With De Funes at the threshold of stardom (1964 would also see him in the first of the Gendarme and Fantomas series as well as in Faites Sauter la Banque!),Darc already in it, and a mix of reliable veterans (Blanche) and future stars (Serrault),the actor lineup is outstanding. But what makes the movie even more outstanding is the dialog. Lautner and Audiard were at their very peak, also penning and directing Les Barbouzes and Les Tontons Flingueurs in that period - perhaps the finest dialog in post-WW II French cinema, on par (in the original) with the likes of Sweet Smell of Success or Some Like it Hot. The storyline (no spoiler meant here) mixes elements of gangster, con (wo)man and chase movies. The crossovers and recurrences (where is that body?) are hilarious. Like all movies of this kind, the ending poses a quandary for the writers, and this is done more than honorably in this case. The technical quality is not contemporary of course, and I presume the dialog will lose some of its flavor in most translations, but the storyline and the acting will make this a worthwhile watch in any language for those who appreciate 60's cinema.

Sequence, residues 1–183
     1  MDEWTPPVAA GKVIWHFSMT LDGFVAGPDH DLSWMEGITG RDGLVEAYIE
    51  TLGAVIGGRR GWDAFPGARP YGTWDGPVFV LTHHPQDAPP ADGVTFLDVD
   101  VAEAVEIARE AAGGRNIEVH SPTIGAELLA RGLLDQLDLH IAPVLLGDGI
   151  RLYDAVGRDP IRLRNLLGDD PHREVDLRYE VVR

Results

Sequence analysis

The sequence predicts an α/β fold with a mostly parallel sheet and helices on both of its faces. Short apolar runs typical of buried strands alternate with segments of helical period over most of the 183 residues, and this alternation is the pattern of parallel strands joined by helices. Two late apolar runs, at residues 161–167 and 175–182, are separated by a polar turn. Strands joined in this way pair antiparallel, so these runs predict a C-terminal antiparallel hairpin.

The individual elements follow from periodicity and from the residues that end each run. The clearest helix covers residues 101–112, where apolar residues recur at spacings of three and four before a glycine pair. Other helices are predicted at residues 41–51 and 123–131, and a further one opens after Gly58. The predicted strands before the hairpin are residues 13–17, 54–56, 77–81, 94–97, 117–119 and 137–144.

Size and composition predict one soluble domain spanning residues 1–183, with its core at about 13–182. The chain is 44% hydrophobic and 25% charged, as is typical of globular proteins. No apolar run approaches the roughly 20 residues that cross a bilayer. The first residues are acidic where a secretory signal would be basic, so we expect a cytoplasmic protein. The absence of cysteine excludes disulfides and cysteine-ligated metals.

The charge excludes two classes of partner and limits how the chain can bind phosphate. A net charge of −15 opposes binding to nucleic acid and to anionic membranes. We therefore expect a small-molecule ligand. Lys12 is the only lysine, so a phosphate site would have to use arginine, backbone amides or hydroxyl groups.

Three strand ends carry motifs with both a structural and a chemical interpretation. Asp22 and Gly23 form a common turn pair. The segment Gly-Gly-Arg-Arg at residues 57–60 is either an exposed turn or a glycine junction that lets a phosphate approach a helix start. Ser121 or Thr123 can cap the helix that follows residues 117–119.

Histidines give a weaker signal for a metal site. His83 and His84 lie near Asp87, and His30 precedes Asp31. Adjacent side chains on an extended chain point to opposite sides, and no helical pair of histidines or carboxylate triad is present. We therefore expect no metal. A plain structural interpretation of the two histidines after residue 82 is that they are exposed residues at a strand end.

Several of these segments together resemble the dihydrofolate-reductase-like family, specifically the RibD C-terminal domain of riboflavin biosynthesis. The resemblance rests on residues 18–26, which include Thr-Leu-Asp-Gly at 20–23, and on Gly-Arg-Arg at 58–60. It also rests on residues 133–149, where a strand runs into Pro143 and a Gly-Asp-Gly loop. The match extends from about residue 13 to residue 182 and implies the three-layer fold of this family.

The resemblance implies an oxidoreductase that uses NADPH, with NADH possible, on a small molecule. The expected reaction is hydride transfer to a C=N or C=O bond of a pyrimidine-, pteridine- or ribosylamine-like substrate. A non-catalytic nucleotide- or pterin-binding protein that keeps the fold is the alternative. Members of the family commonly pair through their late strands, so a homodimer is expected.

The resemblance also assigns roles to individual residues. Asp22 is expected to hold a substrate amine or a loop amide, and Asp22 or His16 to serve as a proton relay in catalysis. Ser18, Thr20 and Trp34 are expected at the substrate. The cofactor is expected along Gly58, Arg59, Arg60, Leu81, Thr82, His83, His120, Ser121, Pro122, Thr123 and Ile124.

To follow up on cheese_cake's review: the title refers to the dead and buried ("eating dandelions by their roots"). It is a paraphrase of the title of the novel from which the movie's writers started. Of course, the title is also playful: the body of interest in the movie, dead though it may be, isn't that static; some of those chasing it, however, fear that they will end up pushing up daisies indeed.
Jockey Jack has a bill open with a gangster just released from jail. He somehow manages to parry the gangster's knife attack backstage at a theatre and the latter ends up dead being put into a double bass case. A day later the gangster mysteriously has disappeared, but it turns out that he was carrying a bet ticket for a horse race now worth over a million. A turbulent run for the money begins.
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